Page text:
The Four Pests Campaign: Objectives, Execution, Failure, And Consequences

The Eurasian tree sparrow was a pest targeted throughout the Four Pests Campaign.
The Eurasian tree sparrow was a pest targeted throughout the Four Pests Campaign.

What Was the Four Pests Campaign?

Between 1958 and 1962, the Communist Party of China led an economic and social movement throughout the country known as the Great Leap Forward. One of the movement's first campaigns was the Four Pests Campaign, which is also sometimes known as the Great Sparrow Campaign or simply Kill a Sparrow Campaign. Mao Zedong, or Chairman Mao, initiated the Four Pests Campaign as a move toward public hygiene, with the following considered as pests: rats, flies, mosquitoes, and sparrows.

the four pests campaign china
The "Four Pests" Hygeine Campaign.

Three of the four pests were identified because of their role in spreading malaria, typhoid, and the plague. Sparrows were included in this list because they consume rice and other seeds from agricultural fields.

Execution of the Four Pests Campaign

The Communist Party called Chinese citizens to act together against what were considered pests. The government published posters illustrating the need for fly swatters, drums, gongs, and guns as tools in the fight for improved public health. People reacted by taking all measures in order to kill these four animals. Sparrows received a large portion of this attention, as citizens were encouraged to make noise with pots, pans, and drums, which scared the sparrows and resulted in them falling from the sky from exhaustion. Additionally, nests were torn apart, eggs broken, and fledglings killed. The government encouraged these actions by accolading schools, work groups, and government agencies who had the highest number of pests killed.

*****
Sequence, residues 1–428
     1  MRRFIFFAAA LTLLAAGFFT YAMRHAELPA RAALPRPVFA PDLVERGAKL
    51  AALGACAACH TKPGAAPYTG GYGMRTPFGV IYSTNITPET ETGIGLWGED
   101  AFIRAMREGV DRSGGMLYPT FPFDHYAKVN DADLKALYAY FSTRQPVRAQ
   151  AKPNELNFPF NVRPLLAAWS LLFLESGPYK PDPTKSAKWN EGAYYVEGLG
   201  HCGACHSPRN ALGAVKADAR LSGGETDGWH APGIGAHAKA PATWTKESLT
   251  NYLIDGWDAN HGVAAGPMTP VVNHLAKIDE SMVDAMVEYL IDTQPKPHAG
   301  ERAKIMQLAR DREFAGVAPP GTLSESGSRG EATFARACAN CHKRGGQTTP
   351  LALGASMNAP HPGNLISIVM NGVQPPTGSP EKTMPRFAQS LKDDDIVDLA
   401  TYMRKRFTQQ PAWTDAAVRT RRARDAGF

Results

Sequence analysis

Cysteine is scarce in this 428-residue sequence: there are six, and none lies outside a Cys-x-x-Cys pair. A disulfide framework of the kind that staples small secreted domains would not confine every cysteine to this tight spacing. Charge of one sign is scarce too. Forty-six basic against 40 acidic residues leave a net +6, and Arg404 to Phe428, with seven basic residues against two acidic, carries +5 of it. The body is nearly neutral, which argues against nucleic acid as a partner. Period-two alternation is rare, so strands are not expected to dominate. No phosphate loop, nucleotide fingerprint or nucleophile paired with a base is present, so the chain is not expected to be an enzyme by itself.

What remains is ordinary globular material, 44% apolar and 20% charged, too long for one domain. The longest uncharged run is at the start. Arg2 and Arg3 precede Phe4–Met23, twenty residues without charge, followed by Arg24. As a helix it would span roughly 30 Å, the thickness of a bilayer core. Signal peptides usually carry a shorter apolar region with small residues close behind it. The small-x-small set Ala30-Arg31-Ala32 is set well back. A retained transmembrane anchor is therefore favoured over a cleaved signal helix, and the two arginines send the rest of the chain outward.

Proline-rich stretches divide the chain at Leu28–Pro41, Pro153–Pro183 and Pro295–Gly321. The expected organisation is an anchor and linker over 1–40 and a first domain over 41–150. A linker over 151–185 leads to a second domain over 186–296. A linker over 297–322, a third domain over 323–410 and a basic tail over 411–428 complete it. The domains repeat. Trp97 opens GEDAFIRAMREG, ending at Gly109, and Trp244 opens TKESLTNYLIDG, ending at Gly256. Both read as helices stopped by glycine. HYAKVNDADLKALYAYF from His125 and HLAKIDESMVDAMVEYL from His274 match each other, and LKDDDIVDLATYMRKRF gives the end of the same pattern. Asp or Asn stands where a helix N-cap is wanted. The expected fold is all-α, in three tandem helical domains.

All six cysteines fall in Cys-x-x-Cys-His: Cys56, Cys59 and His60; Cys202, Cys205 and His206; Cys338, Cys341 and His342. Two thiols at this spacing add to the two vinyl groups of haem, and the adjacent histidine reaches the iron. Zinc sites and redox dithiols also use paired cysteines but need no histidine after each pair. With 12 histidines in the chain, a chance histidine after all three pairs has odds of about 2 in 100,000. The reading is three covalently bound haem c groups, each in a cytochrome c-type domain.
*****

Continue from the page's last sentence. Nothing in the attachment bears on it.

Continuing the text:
Estimates suggest that the government and the public were responsible for the deaths of 1.5 billion rats, 1 billion sparrows, over 220 million pounds of flies, and over 24 million pounds of mosquitoes. In terms of accomplishing its objective, the Four Pests Campaign was a success.

Unintended Consequences of the Four Pest Campaign

Besides rendering the sparrow nearly extinct in China, the Four Pests Campaign led to the starvation and death of between 20 and 43 million people. As it turns out, the sparrow was an integral piece of crop protection. Not only do sparrows eat grains, but also insects. In 1959, researchers at China’s Academy of Sciences performed autopsies on several of the dead sparrows. The discovered that the majority of their stomach contents was made up of insects and not grains, as was previously believed. After the campaign had been underway for some time, the insect population in China grew exponentially, particularly that of locusts, given that the sparrow is their only natural predator. Because of this imbalance between predator and prey, the locust excess was able to swarm freely over the country, eating the majority of the agriculture intended for human consumption.

The Great Chinese Famine

The locusts ate hundreds of thousands of pounds of grain. This ecological imbalance was exacerbated by conditions of drought, flooding, and other changes to agricultural policies. By 1959, crop production had been reduced by 15%. This decline continued to 70% in 1958. When the famine ended, between 15 and 36 million individuals had died due to starvation.

Changes to the Four Pests Campaign

After the government realized the important role of sparrows in pest control and successful agricultural harvests, it implemented change to the Four Pests Campaign. The campaign against sparrows was ended by the government. Chairman Mao replaced the sparrow target with bed bugs. While this move may have helped the country exterminate bed bug infestations, it had no effect on the agricultural damage and did nothing to prevent the Great Famine.

The Great Leap Forward campaign ended in 1962 and with it, so did the Four Pests Campaign. However, in 1998, the Chinese government revived a new version of the movement. Posters were seen in Beijing and at the Southwest Agricultural University in Chongqing, urging citizens to kill the four pests. This time, the four pests are: rats, flies, mosquitoes, and cockroaches. The campaign wasn’t as successful given that people had already been killing these insects before the posters were hung.

Influence of the Four Pests Campaign

The Four Pests Campaign has gone on to influence music, TV shows, and books. In 2009, the TV show Rosy Business was aired. It was about life in the mid-19th century in China and a merchant family’s troubles surrounding inheritance of the family business. In one of the episodes, a farmer promoted the idea that killing sparrows would be a good way to protect the local harvest. However, the idea was intended to harm other farm owners and their crops in order to bring about poverty and starvation.


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